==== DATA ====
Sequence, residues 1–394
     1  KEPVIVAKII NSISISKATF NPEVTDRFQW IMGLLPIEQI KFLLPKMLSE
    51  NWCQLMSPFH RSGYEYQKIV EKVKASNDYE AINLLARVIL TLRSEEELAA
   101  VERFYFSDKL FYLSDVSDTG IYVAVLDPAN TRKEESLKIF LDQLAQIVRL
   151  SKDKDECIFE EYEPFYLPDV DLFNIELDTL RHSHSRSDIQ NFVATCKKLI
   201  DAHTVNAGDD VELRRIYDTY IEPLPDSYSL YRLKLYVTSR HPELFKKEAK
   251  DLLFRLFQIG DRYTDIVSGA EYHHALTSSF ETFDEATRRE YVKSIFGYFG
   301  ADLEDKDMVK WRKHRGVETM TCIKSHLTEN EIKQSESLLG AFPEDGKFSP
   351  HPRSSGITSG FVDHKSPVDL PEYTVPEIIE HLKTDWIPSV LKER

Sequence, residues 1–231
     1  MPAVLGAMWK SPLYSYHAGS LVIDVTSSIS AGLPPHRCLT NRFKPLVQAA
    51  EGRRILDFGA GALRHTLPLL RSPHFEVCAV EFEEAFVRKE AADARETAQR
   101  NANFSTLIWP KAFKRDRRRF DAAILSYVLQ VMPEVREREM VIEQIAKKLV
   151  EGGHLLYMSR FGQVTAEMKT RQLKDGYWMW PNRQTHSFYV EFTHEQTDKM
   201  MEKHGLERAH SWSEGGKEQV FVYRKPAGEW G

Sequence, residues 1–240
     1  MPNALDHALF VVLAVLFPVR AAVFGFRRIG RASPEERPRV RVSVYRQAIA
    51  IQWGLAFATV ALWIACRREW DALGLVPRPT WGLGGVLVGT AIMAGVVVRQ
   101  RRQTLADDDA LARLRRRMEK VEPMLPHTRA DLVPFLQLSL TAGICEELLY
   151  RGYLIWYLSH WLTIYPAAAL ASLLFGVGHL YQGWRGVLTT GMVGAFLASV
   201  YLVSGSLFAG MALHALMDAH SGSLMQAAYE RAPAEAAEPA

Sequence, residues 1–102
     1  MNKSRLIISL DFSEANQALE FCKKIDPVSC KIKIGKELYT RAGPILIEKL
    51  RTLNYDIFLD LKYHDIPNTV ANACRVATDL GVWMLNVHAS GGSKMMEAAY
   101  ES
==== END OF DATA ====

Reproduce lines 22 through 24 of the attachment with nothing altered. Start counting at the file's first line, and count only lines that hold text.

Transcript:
Sequence, residues 1–102
     1  MNKSRLIISL DFSEANQALE FCKKIDPVSC KIKIGKELYT RAGPILIEKL
    51  RTLNYDIFLD LKYHDIPNTV ANACRVATDL GVWMLNVHAS GGSKMMEAAY